Health literacy refers to how people find, understand and use health information in order to benefit their health. People with low levels of health literacy are at higher risk of poor health behaviours and health outcomes. In Australia, 60% of adults have a low level of health literacy, which means they may not be able to effectively make informed decisions about their health.
In addition to an individual’s health literacy, there is also environmental health literacy, which refers to the infrastructure, policies, processes, materials, people and relationships which make up the health system. The health literacy environment has an impact on the way people experience the health system and receive health information. One element of this is organisational health literacy, referring to the degree to which organisations implement strategies that make it easier for community members to understand health information, navigate organisational systems, engage in the health care process and manage their health.
A health literacy needs assessment implemented in the Melbourne’s Eastern Metropolitan Region (EMR) identified that Inner East Primary Care Partnership (IEPCP) partner organisations were looking for ways to improve their organisational health literacy, in order to promote service access and equity for their communities.
What did we do?
IEPCP, in partnership with Outer East Primary Care Partnership, developed an organisational health literacy course, which was delivered by the Centre for Culture, Ethnicity and Health and aimed to support health and community services implement health literacy interventions within their organisations.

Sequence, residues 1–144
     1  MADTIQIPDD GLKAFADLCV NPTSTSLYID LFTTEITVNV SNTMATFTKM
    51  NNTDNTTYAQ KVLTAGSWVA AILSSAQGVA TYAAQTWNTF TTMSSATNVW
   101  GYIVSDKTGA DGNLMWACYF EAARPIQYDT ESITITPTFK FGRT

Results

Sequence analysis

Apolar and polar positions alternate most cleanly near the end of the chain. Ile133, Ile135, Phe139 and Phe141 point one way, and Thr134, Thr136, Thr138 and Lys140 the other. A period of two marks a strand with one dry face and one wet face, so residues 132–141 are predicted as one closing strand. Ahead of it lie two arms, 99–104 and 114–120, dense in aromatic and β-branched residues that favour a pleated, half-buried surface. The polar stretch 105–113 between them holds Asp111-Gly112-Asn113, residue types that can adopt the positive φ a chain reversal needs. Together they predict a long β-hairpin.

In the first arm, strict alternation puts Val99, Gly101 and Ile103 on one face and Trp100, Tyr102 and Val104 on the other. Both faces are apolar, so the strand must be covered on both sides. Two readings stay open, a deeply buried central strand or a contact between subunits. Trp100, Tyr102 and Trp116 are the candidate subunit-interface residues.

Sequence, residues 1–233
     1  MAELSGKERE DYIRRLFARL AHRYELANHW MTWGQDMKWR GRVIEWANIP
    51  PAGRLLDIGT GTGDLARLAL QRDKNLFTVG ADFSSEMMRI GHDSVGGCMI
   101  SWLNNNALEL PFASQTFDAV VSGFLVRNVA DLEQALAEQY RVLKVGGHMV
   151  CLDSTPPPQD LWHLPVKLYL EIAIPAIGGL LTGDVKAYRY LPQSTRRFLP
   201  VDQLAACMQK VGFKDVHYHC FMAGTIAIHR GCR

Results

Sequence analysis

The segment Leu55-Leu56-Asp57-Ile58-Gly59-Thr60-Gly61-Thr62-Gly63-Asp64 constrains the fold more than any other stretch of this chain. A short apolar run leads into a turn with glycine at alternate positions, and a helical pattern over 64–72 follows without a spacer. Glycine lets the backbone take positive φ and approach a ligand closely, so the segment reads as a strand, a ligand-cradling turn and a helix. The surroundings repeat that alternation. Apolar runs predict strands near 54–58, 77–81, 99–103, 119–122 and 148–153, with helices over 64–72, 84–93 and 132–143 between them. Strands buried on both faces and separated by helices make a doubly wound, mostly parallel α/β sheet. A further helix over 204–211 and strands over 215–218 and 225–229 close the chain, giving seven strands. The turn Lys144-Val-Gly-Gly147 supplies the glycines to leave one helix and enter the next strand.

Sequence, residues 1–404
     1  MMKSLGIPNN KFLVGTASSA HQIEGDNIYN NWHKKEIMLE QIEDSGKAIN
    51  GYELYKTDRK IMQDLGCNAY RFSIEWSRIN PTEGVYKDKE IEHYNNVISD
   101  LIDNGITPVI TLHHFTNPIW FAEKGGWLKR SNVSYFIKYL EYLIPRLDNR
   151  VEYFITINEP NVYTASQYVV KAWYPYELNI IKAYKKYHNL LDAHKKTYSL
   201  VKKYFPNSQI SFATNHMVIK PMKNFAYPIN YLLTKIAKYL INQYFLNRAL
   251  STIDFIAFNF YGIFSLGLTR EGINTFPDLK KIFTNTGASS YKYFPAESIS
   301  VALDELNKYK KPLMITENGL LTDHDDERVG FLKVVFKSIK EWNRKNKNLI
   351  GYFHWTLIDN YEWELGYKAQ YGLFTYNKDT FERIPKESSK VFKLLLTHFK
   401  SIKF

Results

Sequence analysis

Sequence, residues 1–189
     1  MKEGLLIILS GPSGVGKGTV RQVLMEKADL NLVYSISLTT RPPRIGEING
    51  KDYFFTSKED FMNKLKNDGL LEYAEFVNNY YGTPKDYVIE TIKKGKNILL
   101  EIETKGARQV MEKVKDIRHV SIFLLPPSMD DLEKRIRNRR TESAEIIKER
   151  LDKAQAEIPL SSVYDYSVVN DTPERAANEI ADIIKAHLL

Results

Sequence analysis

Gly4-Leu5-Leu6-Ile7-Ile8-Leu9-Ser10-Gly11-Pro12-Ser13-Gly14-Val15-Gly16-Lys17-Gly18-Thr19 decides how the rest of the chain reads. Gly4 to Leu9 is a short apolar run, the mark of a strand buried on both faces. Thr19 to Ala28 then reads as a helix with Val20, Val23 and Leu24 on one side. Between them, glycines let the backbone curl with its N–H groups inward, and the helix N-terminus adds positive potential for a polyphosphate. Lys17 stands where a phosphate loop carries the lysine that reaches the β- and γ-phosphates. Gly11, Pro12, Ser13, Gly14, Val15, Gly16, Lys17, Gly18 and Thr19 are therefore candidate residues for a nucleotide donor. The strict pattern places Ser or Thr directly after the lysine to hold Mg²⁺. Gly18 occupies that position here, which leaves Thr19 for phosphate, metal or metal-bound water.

The course consisted of four full-day workshops, delivered over eight months, during which participants were supported to develop and deliver two internal health literacy projects. The purpose of the projects was to integrate health literacy practices across the organisation and embed what was learned to create sustainable change. They included initiatives such as embedding health literacy within organisational plans, including a health literacy module in staff orientation and training, and development of health literacy policies.
The final session invited General Managers to attend, to enable them to understand the outcomes from the course, and to encourage high level buy in to enable organisational change.
Benefits reported by participating organisations included:
- Increased organisational awareness and understanding of health literacy
- Improved communication within their organisations
- Progression of health literacy action within organisations
- Health literacy practice embedded into organisational policies and procedures
- Strengthened partnerships across the EMR
How did the PCPs contribute to this success?
The two PCPs supported the engagement of regional partners in the training by partially funding training costs, communicating with partner organisations to support their activity over the duration of their projects, and developing videos promoting the health literacy work of partners. The PCPs also provided support for course participants after their training had finished through development of the HELPER newsletter, distributed bi-monthly to over 110 recipients and containing news and resources on health literacy, as well as local opportunities and updates. PCPs also positioned themselves as “go-to” organisations for health literacy, and were available to provide support to organisations with health literacy initiatives underway.